Feb 21, 2010


I used to be a real people pleaser. At almost 50, I'm largely over that, but a residue remains. When it rears its ugly head, I have a weapon now that gives me great comfort. It's Romans 8:33-34. The last part of v. 33 and the first part of v.34 read:

"It is God who justifies. Who is he that condemns?"

In other words, God, the Creator of the universe, justifies me--declares me innocent and acceptable by the blood of Christ. So what is the opinion of a mere mortal? That opinion is a puff of steam--dust--even if I am the one condemning myself! God accepts me; who is he that condemns!

So when someone disapproves of me, I say over and over to myself, "God is the one who justifies. Who is he that condemns? ... God is the one who justifies. Who is he that condemns?" And it comforts me. Then, satisfied with my Creator's approval, I turn the situation over to Him.

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Feb 18, 2010

Is My Pet in Heaven?

My cat, Beetle, had lived eight years and had fought for his life for eight days. He was not going to win. A tumor blocking his liver function was claiming the victory. The vet was gentle and assured us Beetle would feel no pain from the injection that would take his life. In seconds, Beetle went from being a creature with personality and emotion, looking me in the eye, to a limp bundle of fur. That moment, I knew that Beetle didn’t just disappear. He lived on.

There is strong Scriptural support that animals go to Heaven when they die—not proof, but evidence. Of course, animals are not in need of redemption like humans, so they're not going to be born again by faith, but they groan because of the fall and look forward with eager anticipation to our glorification (Romans 8:22-23).Would they look forward with eager anticipation to something they will never see or experience? I don’t think so.

Animals were first created to be our companions (Gen 2:18-19) and were not eaten by man until after the flood. God saw that Adam needed a companion, so he created the animals before He created Eve. In the Garden of  Eden, humans did not eat animals nor did they eat each other. Before man’s fall, there was no death.

In Numbers 22:28 where Balaam’s donkey speaks it reads, "Then the LORD opened the donkey’s mouth ..." It doesn't say, "And the Lord spoke through the donkey." God simply opened her mouth and she said what she wanted to, revealing real emotions, real thoughts, and even spiritual insight (e.g., she was afraid of the angel).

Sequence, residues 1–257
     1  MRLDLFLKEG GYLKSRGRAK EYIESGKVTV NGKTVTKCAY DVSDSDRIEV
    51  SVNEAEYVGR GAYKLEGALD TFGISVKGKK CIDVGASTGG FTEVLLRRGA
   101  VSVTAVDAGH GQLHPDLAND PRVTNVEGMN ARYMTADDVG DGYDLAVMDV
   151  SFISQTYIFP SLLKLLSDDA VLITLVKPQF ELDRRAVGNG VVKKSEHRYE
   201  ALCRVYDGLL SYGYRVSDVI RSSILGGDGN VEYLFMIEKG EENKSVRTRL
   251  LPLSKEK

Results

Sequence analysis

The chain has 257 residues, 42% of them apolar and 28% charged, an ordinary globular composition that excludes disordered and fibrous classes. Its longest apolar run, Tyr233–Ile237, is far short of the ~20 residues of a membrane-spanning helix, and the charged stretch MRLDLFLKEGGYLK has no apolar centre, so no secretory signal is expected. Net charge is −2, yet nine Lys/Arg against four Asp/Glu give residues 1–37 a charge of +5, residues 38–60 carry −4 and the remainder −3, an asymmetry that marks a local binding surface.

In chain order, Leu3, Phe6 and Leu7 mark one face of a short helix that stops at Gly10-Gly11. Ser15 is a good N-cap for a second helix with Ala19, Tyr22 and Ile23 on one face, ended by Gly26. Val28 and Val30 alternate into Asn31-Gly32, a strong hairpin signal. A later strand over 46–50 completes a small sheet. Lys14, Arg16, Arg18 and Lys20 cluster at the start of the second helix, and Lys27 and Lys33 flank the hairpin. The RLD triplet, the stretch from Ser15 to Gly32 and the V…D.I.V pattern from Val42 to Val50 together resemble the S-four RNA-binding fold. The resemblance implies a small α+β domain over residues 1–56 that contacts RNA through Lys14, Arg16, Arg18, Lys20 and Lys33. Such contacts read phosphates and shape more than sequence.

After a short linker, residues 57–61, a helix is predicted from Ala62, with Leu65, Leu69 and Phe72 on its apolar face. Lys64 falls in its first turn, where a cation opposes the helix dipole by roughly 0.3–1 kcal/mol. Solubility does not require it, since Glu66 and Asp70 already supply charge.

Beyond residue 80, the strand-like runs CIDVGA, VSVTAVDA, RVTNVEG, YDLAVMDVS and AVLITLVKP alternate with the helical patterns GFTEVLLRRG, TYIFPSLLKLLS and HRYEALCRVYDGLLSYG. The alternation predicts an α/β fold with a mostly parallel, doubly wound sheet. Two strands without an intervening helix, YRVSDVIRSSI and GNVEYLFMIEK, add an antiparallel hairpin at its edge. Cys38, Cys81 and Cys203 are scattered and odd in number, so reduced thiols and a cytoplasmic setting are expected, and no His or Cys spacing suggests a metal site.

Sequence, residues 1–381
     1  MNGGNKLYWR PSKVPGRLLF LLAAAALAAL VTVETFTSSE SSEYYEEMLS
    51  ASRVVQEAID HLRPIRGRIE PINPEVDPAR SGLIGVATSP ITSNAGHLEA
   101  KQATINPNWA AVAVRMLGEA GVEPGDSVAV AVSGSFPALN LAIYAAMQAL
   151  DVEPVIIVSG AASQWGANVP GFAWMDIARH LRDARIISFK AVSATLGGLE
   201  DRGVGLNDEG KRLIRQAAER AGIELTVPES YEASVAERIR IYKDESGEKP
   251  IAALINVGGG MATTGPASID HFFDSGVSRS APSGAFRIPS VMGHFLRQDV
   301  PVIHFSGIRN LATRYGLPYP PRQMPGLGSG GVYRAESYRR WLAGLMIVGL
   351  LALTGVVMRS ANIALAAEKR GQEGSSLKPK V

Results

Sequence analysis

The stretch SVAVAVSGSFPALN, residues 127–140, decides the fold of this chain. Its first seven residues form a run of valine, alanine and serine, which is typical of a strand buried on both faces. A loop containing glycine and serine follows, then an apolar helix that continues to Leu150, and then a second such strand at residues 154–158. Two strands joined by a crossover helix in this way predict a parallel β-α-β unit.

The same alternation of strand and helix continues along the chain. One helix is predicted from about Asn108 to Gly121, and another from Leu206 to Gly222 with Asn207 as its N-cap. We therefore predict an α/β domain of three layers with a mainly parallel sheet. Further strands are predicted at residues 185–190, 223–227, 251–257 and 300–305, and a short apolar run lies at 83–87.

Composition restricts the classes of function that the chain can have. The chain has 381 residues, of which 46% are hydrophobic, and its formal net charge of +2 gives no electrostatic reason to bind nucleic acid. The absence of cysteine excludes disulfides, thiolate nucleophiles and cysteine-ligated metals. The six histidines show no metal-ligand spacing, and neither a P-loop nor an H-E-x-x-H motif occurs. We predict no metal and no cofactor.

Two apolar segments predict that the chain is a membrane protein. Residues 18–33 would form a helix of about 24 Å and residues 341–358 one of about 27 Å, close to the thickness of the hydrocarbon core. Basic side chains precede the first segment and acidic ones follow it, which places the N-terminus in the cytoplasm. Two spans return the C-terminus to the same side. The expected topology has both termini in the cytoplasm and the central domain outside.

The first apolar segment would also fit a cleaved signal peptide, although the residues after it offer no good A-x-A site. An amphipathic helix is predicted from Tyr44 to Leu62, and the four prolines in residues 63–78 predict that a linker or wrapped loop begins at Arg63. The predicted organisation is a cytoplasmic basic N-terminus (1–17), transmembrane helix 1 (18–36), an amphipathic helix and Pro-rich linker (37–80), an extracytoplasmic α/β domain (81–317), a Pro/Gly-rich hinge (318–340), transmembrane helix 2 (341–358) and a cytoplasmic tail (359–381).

In the Hebrew, the word translated "living creature" is the same word translated in other places as “spirit.” It is even translated at times as the “Holy Spirit.”

In Ecclesiastes 3:21 it says, "Who knows if the spirit of man rises upward and if the spirit of the animal goes down into the earth?" This Scripture implies that, even if we don’t know where it goes, animals have spirits just like we do.

Also food for thought: Jesus returns from Heaven on a great white horse.

However, for me, the clincher is in 1 Corinthians 15:39-44 where the Bible talks about the resurrection body. It says that there are many types of flesh or bodies (v.39 NRSV: “Not all flesh is alike, but there is one flesh for human beings, another for animals, another for birds, and another for fish.” I particularly like The Message: “Just as there are different kinds of seeds, there are different kinds of bodies—humans, animals, birds, fish—each unprecedented in its form.” Then ... v44: NRSV: “It is sown a physical body, it is raised a spiritual body. If there is a physical body, there is also a spiritual body.” —emphasis mine)

I believe that I will see Beetle in Heaven one day. You, too, can take comfort in the evidence Scripture gives us that animals live on.

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Feb 14, 2010

Lowly worms

Do you ever feel a vague sense of guilt or shame? A sense that you’re sinning, but you don’t know exactly how? A general feeling of being worthless and unacceptable before God, a lowly worm? If you do, you can be sure of one thing. Those feelings aren’t from God.

I can’t recall any example in Scripture of God convicting an individual of being a generally rotten person.

He always put His finger on a specific sin or sins. God gives us something tangible that we can deal with. When God convicts (convinces) a believer of his sin, it can be a very painful process. But it’s always with encouragement and hope—a way out. In the life of a believer, the sense of condemnation is never from God (Rom. 8:1). He always shows us something clear and concrete that we can understand.

Unless God clearly puts His finger on an area of our lives He wants to work on, we can confidently disregard that feeling of wrongness and guilt. It’s a lie. Yay!

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Feb 8, 2010

Scorning the Shame

Jesus absorbed evil on the cross. Look at Isaiah 53:

  • Jesus was despised and rejected (Isa 53:3)
  • He took up our infirmities (Isa 53:4)
  • He carried our sorrows (Isa 53:4)
  • Jesus was pierced for our transgressions (Isa 53:5)
  • He took the punishment that brought us peace (Isa 53:5)
  • He was crushed and suffered (Isa 53:10)

Jesus took on evil, but he scorned the shame (Hebrews 12:2).

He scorned the shame.

Jesus embraced evil, yet singled out shame and scorned it.

What does that mean? To be honest, I don't know exactly. To scorn means to "to reject, refuse, or ignore with contempt or disdain" (Dictionary.com). At the least, this Scripture tells us that we have no business wallowing around in shame! As imitators of Christ and people forgiven by God, we must reject shame! Don't allow it to take root in your emotions or thoughts!

I would really appreciate your comments and insight regarding this post.

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